Mr. WITTES: Let me say that I have a lot of sympathy with a lot of human rights groups' complaints, but the baseline that we're operating against is not a rule in which everybody gets charged, you know, or set free. The realistic alternative is the system we currently we have, which is a system in which under a very low legal threshold - that is largely the executive branch's own words - we lock people up with essentially no rules.
And so, you know, I'm a little bit bewildered by the idea that a project like the one that I and others have suggested, you know, of defining the rules and defining the process in which we detain people is retrogressive with respect to the rights of people we're holding.
SHAPIRO: Well, how do you solve these most difficult problems? At the end of the day, what is the system for holding people and processing them in a way that Americans can respect but that still keeps the country safe?
Mr. WITTES: Right. There's a few good guideposts you can use. The first is that when the government wants to detain somebody - just as, you know, with a, you know, violently mentally ill person - if the government wants to detain somebody, it should have to walk into court and establish in a serious processing - which the detainee gets, you know, of a real lawyer who gets access to all the evidence. The government is sort of put through it's paces -it should have to establish that the person is an affiliate member, you know, whatever word you want to use, of an organization with whom we are in a state of armed conflict and that he is in some individual capacity very dangerous.
Secondly, that court that authorizes that detention needs to retain jurisdiction over that detention for as long as it persists. And the government needs to have to come back, you know, on a periodic basis and argue for continued detention.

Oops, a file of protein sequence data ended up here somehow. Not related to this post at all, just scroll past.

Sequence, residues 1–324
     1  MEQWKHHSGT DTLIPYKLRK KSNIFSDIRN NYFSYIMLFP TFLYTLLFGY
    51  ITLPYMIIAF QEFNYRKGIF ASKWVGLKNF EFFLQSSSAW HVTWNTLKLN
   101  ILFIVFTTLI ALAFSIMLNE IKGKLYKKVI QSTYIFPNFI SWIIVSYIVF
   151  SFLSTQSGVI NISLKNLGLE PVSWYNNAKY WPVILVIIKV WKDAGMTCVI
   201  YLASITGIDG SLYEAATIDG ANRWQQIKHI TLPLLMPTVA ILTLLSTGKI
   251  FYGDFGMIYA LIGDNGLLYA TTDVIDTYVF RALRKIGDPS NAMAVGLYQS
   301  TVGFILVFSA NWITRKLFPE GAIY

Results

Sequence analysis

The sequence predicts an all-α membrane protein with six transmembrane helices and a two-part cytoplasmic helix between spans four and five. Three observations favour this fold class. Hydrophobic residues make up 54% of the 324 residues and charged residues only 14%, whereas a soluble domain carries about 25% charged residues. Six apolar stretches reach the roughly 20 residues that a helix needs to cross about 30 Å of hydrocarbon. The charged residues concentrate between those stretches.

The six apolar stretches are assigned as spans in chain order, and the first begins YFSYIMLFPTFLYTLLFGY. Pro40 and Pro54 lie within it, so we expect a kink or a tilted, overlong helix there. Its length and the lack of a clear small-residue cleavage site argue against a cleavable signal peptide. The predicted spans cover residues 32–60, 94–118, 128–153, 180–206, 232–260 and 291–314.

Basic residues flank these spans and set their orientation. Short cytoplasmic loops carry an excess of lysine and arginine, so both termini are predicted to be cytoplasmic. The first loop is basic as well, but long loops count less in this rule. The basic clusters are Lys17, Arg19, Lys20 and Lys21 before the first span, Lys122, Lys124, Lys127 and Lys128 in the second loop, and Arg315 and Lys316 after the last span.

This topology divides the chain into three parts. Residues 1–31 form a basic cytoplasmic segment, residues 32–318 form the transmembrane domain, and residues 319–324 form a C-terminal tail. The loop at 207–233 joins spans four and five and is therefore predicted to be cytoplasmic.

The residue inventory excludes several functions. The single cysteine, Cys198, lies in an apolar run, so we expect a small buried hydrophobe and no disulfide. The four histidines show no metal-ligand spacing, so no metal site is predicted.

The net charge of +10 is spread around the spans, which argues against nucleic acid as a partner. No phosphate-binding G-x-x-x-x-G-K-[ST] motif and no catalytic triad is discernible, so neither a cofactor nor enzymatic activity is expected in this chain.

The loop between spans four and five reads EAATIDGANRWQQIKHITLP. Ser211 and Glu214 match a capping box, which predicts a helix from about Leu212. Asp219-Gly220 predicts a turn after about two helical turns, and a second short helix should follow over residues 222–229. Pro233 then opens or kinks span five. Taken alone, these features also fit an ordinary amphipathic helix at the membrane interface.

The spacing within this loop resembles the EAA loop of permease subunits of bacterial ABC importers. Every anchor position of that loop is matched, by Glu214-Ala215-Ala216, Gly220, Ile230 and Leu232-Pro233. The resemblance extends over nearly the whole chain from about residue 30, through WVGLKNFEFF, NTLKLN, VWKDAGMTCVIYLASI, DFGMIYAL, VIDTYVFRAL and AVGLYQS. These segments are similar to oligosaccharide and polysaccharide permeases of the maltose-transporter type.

SHAPIRO: What's the likelihood that this will actually happen?
Mr. WITTES: I'm actually quite optimistic. You know, whether the next president is Barack Obama or John McCain, he is most unlikely to want to spend the eight years of his presidency as George W. Bush did, you know, in a state of endless uncertainty and litigation over every single component of the legal structure of the war on terrorism.
So I think whether the next president is Barack Obama or John McCain, they're going to have a moment early in their presidency where they're going to make the judgment they want as broad a political coalition behind the tough actions they're going to need to take as possible.
And once you decide that, you have only one choice, and that is to go to Congress and get as much written into law as possible. And if you had a sort of systematic across-the-board legislative conversation about these issues, there are a lot of things that you could do that would put the executive on much firmer ground. And I think that's going to be very attractive to the next president of either party.
SHAPIRO: Benjamin Wittes is author of "Law and the Long War: The Future of Justice in the Age of Terror." Thanks a lot.
Mr. WITTES: Thank you. Transcript provided by NPR, Copyright NPR.
NPR transcripts are created on a rush deadline by an NPR contractor. This text may not be in its final form and may be updated or revised in the future. Accuracy and availability may vary. The authoritative record of NPR’s programming is the audio record.